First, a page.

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Age Ageing. 1997 Mar;26(2):115-21.

Morbidity and disability in elderly Zimbabweans.

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1
Department of Medicine, University of Zimbabwe School of Medicine, Avondale, Harare, Zimbabwe.

Abstract

BACKGROUND:

the population aged over 60 years in Zimbabwe is expanding. Despite the likely increased demand on medical services that this will bring, little is known about the health needs of this elderly population.

OBJECTIVE:

to record the prevalence of disability (impairment of activities of daily living), subjective morbidity (symptoms), the social circumstances and the utilization of health services in a group of elderly Zimbabweans.

DESIGN:

cross-sectional community survey.

SETTING:

a remote rural area in North Eastern Zimbabwe and two urban townships located approximately 80 km from Harare.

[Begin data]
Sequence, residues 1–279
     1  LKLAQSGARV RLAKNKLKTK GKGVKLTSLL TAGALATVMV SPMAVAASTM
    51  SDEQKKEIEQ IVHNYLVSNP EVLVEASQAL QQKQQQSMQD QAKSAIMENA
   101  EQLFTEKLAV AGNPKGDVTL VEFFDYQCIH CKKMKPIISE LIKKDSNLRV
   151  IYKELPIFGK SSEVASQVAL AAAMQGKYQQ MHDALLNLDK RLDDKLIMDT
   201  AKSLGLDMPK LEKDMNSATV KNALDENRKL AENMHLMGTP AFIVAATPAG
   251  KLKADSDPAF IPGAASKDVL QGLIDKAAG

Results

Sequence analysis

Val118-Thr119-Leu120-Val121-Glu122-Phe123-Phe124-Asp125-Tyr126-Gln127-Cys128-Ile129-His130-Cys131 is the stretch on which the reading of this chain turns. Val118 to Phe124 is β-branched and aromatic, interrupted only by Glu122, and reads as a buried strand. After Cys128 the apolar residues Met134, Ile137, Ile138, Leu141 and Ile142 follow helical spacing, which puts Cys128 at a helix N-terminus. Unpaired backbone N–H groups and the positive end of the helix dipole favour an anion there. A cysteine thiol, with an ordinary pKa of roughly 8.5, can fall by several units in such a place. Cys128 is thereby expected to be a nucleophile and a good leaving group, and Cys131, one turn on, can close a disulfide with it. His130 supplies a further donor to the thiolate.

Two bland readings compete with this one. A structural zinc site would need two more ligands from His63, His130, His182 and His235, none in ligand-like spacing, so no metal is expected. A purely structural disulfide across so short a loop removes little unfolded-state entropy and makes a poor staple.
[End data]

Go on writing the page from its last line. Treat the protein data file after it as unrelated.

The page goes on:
SUBJECTS:

278 subjects (154 women, 174 rural), aged > 60 years (range 60-92) living at home.

METHOD:

subjects were selected by random cluster sampling. They were assessed in a structured interview and underwent physical examination including visual acuity, inspection for cataracts and assessment of mobility.

RESULTS:

less than 4% experienced difficulty with self-maintenance activities of daily living, but 30% had difficulty with instrumental activities. The former were all visually impaired and both visual and mobility problems contributed to the latter. Elderly people experienced many symptoms but had inadequate access to health services and used medication infrequently. Subjects were mainly self-sufficient for financial income and 60% still worked. They had declining resources with age and received little help from the social welfare department. Their health and functional abilities deteriorated with age but it was older subjects who had most difficulty getting to the clinic. Simple measures such as cataract surgery and analgesics were available only to the minority or not at all.

CONCLUSIONS:

this study highlights problem areas where simple, low-cost measures could make a difference to the morbidity and disability of elderly Zimbabweans.

PMID:
9177668
[Indexed for MEDLINE]
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